US general warns Iran likely still plotting major Mideast attack 

Source: US general warns Iran likely still plotting major Mideast attack | The Times of Israel

Head of Central Command says US troop boost has probably not deterred Tehran from seeking to strike in region: ‘It’s the trajectory and the direction that they’re on’

In this photo from the US Navy provided on November 19, 2019, the aircraft carrier USS Abraham Lincoln, left, the air-defense destroyer HMS Defender and the guided-missile destroyer USS Farragut transit the Strait of Hormuz with the guided-missile cruiser USS Leyte Gulf. (Mass Communication Specialist 3rd Class Zachary Pearson/U.S. Navy via AP)

Iran is unlikely to have been undeterred by increased US troop deployment in the Middle East and remains on track to carry out a large-scale attack in the region, the head of the US military’s Central Command said in an interview published Saturday.

“My judgment is that it is very possible they will attack again,” Gen. Kenneth F. McKenzie told the New York Times.

Over the past summer Iran shot down an American drone with no retaliation from Washington. It has subsequently been blamed for — and denied — attacking international oil tankers and destroying large portions of a major Saudi petroleum facility.

The lack of serious consequences has led Israeli officials to warn an emboldened Tehran could seek a major attack on the Jewish state soon.

In this April1 14, 2018, file photo, then-Marine Lt. Gen. Kenneth “Frank” McKenzie speaks during a media availability at the Pentagon in Washington. (AP/Alex Brandon, File)

McKenzie himself did not address such a possibility but did warn that Gulf nations were in danger.

“It’s the trajectory and the direction that they’re on,” he stated. “The attack on the oil fields in Saudi was stunning in the depth of its audaciousness. I wouldn’t rule that out going forward.”

Earlier this month a US-led naval coalition officially launched operations in Bahrain to protect shipping in the troubled waters of the Gulf.

Iran, which has denied any responsibility for the mystery attacks, has put forward its own proposals for boosting Gulf security that pointedly exclude outside powers.

In this image made from a video broadcast on the Saudi-owned Al-Arabiya satellite news channel on September 14, 2019, a man walks through a parking lot as the smoke from a fire at the Abqaiq oil processing facility can be seen behind him in Buqyaq, Saudi Arabia. (Al-Arabiya via AP)

In June, US President Donald Trump called off a retaliatory strike after Iran downed an American drone that Tehran said entered its airspace. The US, which denied the drone entered Iranian skies, was later reported to have launched a cyberattack on Iran.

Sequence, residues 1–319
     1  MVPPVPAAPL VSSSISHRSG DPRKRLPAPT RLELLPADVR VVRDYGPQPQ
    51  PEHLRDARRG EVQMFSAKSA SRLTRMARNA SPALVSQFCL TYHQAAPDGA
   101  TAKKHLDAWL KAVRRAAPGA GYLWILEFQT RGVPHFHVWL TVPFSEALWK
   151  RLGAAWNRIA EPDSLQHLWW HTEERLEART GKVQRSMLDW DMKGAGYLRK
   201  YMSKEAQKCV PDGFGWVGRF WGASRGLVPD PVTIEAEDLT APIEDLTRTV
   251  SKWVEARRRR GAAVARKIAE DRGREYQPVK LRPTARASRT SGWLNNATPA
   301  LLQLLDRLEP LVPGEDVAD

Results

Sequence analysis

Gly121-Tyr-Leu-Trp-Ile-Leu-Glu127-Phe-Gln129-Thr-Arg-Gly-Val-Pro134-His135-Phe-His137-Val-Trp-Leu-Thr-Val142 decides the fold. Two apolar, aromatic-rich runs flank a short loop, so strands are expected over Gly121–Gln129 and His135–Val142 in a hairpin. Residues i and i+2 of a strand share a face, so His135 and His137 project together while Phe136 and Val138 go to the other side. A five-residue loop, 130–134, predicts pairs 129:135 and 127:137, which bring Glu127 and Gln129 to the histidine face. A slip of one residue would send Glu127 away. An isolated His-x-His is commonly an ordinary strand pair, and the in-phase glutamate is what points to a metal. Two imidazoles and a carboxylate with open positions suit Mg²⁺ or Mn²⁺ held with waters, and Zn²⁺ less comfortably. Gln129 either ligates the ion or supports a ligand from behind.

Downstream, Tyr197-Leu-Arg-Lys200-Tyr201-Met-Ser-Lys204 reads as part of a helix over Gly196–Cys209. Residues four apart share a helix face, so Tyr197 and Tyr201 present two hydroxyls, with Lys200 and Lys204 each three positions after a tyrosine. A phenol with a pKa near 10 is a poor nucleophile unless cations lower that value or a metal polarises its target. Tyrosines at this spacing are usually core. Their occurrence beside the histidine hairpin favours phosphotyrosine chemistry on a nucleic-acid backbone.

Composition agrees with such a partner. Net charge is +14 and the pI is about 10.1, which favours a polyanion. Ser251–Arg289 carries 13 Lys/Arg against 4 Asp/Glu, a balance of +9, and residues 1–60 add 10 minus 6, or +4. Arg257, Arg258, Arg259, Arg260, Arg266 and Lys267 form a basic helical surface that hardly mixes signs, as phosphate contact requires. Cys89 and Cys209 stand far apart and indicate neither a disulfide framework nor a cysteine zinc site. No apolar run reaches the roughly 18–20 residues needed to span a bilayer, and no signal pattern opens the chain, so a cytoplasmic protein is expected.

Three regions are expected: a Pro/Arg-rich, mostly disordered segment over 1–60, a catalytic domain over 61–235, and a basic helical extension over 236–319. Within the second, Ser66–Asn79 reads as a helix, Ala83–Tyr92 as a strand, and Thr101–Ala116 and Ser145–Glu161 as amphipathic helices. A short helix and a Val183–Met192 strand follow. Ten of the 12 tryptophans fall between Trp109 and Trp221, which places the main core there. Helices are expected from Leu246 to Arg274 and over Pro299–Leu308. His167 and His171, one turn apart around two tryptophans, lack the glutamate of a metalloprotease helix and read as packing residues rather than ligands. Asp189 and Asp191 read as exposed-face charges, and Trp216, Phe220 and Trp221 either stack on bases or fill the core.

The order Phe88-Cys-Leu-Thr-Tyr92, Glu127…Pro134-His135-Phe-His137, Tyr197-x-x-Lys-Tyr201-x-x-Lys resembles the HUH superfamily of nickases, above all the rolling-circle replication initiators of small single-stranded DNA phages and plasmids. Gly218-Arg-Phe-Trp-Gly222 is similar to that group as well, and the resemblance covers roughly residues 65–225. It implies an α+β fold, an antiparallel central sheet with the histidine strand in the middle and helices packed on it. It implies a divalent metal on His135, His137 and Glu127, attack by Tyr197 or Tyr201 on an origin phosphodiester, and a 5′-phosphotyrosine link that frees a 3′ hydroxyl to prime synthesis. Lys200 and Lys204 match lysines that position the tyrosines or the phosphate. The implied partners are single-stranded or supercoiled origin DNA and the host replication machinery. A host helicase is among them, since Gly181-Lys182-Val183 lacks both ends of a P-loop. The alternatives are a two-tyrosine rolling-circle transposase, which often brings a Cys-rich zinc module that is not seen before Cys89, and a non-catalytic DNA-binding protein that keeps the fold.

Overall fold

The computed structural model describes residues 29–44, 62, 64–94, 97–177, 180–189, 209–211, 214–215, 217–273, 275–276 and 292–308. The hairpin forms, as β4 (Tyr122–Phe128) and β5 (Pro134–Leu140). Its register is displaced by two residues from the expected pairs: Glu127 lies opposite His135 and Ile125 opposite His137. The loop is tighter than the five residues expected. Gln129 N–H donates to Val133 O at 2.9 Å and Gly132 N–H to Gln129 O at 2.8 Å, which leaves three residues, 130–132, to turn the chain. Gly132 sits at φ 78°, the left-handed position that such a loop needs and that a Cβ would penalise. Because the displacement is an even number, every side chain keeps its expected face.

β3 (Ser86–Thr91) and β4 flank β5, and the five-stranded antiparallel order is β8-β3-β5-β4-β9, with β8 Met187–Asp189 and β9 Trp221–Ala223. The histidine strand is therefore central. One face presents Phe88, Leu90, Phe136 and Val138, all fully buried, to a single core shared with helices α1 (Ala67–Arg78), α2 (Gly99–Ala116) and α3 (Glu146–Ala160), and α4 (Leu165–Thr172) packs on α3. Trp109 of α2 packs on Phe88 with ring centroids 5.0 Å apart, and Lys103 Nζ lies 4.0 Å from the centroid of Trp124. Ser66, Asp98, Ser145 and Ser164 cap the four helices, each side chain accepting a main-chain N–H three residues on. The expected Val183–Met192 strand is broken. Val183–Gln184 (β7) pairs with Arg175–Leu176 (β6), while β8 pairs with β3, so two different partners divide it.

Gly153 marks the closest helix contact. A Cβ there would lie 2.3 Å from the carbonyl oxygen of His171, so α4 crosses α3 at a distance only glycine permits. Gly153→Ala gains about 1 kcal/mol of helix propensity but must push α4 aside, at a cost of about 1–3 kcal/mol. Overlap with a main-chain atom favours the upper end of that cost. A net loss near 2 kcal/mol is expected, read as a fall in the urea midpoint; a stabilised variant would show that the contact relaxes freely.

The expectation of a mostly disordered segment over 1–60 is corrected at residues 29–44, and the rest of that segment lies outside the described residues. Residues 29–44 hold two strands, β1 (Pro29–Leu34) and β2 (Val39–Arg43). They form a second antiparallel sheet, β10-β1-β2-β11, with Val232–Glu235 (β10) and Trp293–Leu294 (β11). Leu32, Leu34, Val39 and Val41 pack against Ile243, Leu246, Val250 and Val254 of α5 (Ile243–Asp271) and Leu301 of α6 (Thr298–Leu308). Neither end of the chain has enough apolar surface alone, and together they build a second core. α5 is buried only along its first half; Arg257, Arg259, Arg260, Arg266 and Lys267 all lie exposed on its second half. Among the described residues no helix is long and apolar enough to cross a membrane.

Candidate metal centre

In September around half of Saudi Arabia’s oil production capacity was knocked offline due to an attack claimed by the Iranian-backed Houthi rebels in Yemen. There was no response to that attack, which the US, Israel and others also blamed on Iran.

And since May, there have been a series of attacks on oil tankers in the Persian Gulf. While Tehran denies being involved, the US Navy says Iran used magnetic mines on the vessels.

Netanyahu last month said Iran was emboldened by the lack of a response to the series of attacks attributed to it. He vowed Israel would respond forcefully to any attack.

On Tuesday, Iran’s Quds Force fired four missiles at Israel from Syria, according to the Israel Defense Forces. All four were shot down, and Israel responded a day later with a punishing round of airstrikes against Iranian and Syrian targets.

Iranian Revolutionary Guard Corps’ Quds Force commander Gen. Qassem Soleimani, center, attends a meeting with Supreme Leader Ayatollah Ali Khamenei and Revolutionary Guard commanders in Tehran, Iran, September 18, 2016. (Office of the Iranian Supreme Leader via AP)

At least 23 combatants were killed, 16 of them likely Iranians, according to a Syrian war monitor.

Israel has repeatedly said that it will not accept Iranian military entrenchment in Syria and that it will retaliate for any attack on the Jewish state from Syria.

A Lebanese newspaper on Thursday reported that Tuesday’s rocket attack on the Golan Heights from Syria was retaliation for recent Israeli strikes near a soon-to-be-opened border crossing along the Syria-Iraq frontier.

Israel fears the Albukamal crossing will be used by Iran to transport weapons, equipment and fighters through Iraq, into Syria and onward to Lebanon and other countries in the region.

 

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